The 48 listed and affected countries include the U.S., European Union countries, Great Britain, Ukraine, Japan, South Korea, Taiwan, Singapore, Australia and New Zealand, among others.Assigning a 0% compensation for patent infringement not only wipes out the enforcement value of the affected patents but also permits, if not encourages, widespread and permanent patent theft.
For example, any Russian entity or individual who was previously excluded from making and selling competing products safeguarded by patent rights may now manufacture, offer to sell, sell and use technology protected by issued Russian patents under the decree, all without any compensation to the patent owner.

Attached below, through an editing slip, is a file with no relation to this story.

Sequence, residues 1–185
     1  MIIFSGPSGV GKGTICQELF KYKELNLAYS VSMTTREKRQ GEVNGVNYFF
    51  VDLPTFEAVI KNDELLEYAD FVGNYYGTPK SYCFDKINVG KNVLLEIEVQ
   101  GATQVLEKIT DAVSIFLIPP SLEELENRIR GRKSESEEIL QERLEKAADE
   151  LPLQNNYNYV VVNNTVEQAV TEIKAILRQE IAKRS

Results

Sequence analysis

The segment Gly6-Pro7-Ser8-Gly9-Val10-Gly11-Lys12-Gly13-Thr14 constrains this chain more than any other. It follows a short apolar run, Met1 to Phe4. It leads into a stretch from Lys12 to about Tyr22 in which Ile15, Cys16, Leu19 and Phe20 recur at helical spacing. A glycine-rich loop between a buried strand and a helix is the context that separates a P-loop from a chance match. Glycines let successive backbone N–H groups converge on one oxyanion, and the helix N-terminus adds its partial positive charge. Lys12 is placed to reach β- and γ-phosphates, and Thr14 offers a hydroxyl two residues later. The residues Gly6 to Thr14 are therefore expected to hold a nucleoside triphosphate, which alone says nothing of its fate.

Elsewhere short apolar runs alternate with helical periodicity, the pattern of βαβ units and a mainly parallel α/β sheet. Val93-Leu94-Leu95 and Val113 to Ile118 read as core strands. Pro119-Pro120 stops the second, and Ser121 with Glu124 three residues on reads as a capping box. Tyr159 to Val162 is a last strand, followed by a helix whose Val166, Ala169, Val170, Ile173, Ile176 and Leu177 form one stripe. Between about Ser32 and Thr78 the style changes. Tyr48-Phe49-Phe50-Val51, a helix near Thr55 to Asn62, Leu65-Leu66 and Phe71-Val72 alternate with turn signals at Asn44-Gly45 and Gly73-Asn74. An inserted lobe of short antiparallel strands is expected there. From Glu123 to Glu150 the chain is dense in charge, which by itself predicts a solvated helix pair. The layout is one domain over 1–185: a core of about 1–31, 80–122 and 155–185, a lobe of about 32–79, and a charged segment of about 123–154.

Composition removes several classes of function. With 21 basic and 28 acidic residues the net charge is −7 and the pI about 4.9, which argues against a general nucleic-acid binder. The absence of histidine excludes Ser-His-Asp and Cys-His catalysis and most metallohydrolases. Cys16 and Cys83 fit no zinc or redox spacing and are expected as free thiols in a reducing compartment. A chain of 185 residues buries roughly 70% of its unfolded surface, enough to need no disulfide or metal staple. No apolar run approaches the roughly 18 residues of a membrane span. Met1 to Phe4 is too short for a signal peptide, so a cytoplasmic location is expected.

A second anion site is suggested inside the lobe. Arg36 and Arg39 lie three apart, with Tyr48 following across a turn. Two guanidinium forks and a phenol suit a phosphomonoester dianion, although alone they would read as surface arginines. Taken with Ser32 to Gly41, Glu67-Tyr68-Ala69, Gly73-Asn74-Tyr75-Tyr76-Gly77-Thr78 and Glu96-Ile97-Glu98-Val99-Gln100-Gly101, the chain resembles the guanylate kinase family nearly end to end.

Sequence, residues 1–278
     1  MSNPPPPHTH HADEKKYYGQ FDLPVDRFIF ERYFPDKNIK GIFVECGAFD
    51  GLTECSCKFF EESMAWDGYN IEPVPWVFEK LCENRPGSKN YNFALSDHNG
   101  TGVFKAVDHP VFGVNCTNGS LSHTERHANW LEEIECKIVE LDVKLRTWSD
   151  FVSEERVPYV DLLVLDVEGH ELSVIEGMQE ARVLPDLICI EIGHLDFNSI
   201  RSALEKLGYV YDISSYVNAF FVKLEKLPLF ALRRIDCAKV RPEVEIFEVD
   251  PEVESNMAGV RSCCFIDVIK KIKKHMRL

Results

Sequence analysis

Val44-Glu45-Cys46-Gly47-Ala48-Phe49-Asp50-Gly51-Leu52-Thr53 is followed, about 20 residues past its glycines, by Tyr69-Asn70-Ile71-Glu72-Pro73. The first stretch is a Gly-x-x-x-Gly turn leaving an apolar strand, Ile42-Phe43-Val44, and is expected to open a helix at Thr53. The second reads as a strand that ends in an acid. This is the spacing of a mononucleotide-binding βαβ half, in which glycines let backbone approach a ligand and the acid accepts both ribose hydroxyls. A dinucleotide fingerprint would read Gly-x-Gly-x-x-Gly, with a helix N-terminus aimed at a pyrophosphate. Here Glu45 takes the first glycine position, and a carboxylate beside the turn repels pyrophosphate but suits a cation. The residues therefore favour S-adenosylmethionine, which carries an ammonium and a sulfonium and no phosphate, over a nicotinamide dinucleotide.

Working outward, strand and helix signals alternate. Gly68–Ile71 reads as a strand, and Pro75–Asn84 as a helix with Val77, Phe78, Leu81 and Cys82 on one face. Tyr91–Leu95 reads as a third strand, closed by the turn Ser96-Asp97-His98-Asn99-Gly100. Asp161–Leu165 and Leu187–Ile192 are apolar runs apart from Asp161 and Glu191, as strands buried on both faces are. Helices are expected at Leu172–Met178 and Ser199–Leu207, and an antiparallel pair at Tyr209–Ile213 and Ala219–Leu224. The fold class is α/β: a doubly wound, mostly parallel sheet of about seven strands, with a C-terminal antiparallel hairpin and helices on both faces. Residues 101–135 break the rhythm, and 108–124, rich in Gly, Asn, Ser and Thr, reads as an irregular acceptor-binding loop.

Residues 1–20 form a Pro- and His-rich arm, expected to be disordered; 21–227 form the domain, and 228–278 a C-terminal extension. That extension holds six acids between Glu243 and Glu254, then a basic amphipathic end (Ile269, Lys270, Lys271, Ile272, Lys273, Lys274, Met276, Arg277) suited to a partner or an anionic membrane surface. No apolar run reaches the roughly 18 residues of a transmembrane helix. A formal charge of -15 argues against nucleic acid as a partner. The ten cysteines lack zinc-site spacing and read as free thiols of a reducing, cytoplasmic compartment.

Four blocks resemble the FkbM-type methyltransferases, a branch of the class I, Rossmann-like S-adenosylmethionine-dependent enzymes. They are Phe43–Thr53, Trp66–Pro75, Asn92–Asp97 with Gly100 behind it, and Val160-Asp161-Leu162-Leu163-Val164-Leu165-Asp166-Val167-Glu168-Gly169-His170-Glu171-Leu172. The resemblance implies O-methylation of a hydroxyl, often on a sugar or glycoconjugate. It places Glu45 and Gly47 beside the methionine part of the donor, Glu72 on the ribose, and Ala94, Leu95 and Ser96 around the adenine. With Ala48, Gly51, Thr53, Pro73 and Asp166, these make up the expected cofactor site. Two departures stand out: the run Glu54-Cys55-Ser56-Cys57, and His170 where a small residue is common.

The decree also casts a wide net regarding the affected patent owners, hitting “a citizen of, is registered in, or has a primary place of business or profit” in any of the 48 listed countries.
While Decree No. 299 and Article 1360 on their face are limited to national security interests or for the “protection of citizens’ life and health,” these categories can have broad implications.
Depending on how the decree is enforced, many patented technologies can be deemed to affect, albeit in different degrees, life, health or national security. Indeed, Article 1360 does not appear to have specific restrictions on which types of patents, such as classification numbers, specific industries or particular product types, may fall within the realm of national security or affect Russian citizens’ life and health.